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Stewart, Tabori & Chang, 1999 - Photography - 79 pages
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This tandem of amusing, provocative books -- the perfect companions to Hats and Shoes -- takes a look at the whys and wherefores of two immediately identifiable elements of personal style.

Be they horn-rims or Ray-Bans, glasses are undervalued accessories to fashion. This book explores the myriad ways in which glasses have defined image: from the charming, boy-next-door Buddy Holly look to Elton John's whimsical creations that evolved along with his stage personas. And, let's face it -- nothing makes us feel more like movie stars than our sunglasses.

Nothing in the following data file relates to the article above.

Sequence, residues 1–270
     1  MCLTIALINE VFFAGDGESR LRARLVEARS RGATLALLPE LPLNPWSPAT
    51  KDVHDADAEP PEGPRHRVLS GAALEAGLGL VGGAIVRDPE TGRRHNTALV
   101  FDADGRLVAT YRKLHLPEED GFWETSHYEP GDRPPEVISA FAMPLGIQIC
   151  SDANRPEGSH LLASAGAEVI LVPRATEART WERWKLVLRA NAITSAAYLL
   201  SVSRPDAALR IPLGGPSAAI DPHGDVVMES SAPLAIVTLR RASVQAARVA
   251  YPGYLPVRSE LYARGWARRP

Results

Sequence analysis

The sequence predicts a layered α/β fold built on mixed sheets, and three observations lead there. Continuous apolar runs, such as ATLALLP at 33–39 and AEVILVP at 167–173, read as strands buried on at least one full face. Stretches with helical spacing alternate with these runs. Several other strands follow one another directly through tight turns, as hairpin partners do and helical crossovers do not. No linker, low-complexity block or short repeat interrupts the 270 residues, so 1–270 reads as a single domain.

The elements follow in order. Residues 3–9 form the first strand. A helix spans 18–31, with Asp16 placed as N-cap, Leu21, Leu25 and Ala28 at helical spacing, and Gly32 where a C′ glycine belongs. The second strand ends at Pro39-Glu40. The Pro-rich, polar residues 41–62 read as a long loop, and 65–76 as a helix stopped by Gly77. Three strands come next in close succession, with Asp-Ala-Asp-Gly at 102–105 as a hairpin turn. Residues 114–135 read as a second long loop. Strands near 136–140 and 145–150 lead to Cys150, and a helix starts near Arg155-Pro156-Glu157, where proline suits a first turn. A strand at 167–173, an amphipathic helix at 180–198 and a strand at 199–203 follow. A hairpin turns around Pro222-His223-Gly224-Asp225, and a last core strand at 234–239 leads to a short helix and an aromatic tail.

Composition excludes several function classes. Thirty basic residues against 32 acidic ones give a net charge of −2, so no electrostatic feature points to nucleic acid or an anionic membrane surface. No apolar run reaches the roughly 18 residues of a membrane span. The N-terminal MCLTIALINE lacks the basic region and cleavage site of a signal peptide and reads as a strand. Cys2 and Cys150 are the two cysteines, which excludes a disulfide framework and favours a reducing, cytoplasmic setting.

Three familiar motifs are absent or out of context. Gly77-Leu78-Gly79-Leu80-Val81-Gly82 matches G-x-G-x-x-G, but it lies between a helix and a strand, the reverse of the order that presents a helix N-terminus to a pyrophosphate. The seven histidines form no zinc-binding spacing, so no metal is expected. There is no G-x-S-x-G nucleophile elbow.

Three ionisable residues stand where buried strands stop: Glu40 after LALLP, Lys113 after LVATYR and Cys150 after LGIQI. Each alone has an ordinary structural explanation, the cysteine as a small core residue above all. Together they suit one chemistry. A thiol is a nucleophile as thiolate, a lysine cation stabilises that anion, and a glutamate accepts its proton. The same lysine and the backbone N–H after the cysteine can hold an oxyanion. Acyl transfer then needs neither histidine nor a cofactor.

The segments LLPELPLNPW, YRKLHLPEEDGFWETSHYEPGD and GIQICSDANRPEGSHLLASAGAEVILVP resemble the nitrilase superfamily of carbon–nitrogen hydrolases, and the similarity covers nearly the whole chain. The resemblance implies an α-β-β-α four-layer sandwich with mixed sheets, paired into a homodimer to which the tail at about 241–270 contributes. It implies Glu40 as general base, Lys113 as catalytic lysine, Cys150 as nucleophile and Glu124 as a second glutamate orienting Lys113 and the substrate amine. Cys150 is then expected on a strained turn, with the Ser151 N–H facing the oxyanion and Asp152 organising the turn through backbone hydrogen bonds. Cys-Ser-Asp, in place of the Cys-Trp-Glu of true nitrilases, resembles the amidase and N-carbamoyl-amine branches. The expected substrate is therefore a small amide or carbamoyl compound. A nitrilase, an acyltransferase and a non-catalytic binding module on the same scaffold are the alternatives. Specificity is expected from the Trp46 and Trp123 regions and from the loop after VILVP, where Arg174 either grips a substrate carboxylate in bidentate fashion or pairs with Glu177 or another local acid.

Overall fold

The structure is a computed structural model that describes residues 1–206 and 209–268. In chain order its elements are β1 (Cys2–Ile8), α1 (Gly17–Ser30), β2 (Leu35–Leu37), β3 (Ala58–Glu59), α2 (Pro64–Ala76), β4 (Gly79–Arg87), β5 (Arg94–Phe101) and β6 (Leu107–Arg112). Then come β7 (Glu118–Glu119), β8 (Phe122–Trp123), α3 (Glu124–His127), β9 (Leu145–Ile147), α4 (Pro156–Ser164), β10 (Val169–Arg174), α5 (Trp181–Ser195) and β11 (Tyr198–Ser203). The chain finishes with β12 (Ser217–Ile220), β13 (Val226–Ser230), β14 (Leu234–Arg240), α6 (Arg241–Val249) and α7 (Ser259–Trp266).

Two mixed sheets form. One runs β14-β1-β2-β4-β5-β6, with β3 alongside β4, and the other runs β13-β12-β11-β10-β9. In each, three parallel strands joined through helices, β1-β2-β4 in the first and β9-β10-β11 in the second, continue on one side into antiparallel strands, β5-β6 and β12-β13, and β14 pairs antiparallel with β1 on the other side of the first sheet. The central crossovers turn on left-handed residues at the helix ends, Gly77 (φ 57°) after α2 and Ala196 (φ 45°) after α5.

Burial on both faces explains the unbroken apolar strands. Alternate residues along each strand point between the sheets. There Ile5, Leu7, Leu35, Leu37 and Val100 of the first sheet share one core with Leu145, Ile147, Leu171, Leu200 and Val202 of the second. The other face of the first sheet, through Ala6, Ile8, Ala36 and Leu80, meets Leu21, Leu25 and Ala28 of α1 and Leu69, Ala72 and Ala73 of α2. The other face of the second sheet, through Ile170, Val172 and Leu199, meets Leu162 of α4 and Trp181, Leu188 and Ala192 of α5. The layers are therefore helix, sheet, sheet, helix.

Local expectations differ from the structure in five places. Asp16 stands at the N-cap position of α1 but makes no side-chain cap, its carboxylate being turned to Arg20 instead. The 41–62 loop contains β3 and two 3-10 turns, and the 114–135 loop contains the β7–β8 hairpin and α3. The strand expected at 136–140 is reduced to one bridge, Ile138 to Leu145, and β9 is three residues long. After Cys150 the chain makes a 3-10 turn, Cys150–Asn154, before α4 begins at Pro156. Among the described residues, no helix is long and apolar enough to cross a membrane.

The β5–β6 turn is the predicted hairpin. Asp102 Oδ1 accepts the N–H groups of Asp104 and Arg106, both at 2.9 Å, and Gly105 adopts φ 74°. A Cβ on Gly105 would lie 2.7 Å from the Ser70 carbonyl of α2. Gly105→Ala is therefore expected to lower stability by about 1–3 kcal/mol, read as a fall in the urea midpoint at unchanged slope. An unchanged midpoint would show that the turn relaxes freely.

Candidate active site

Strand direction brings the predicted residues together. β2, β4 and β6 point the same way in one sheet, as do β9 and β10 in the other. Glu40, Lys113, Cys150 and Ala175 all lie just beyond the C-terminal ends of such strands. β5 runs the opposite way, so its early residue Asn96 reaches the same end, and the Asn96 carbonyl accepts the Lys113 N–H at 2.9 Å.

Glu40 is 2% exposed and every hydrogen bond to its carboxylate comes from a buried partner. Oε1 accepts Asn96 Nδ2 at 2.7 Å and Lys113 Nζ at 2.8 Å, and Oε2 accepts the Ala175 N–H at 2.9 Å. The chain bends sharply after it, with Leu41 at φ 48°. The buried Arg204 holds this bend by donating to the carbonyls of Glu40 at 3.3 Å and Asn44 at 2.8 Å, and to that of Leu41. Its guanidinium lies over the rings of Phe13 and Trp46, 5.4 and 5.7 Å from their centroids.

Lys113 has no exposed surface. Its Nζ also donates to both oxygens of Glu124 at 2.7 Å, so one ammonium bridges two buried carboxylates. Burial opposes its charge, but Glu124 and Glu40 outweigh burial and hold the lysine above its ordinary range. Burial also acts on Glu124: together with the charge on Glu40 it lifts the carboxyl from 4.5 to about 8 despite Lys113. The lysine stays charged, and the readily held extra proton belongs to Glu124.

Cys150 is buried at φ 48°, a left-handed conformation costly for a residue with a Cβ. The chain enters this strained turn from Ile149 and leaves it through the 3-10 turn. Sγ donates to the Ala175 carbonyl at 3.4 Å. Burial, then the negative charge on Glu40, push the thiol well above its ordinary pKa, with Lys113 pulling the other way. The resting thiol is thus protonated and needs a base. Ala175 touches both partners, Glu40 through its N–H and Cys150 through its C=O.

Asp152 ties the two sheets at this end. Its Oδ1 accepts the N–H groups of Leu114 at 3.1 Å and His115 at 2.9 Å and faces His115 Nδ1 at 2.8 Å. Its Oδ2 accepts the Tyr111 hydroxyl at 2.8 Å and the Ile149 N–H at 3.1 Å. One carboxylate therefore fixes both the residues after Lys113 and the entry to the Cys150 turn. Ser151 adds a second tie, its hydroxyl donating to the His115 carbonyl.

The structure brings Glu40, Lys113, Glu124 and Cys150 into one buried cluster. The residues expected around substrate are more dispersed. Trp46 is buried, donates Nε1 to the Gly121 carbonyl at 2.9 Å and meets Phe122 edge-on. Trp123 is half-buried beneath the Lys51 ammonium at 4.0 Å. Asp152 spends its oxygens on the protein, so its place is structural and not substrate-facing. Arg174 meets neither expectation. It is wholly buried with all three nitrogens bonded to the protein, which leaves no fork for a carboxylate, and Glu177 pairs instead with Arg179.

Our hair is no less an indication of who we want to be. Whether a beehive or a buzz-cut, Mohawk or French twist, dreadlocks or Dutch boy, a hairdo -- good or bad -- can always get a conversation started. Generations of fathers have battled with their sons over hair length, while their mothers, daughters, and sisters struggled with curlers, dryers, irons, perm rods, dyes, and other tools of beauty.

Both Glasses and Hairdos pair archival photographs with engaging literary excerpts and quotations, tracing the fascinating history of these universal fundamentals of fashion.

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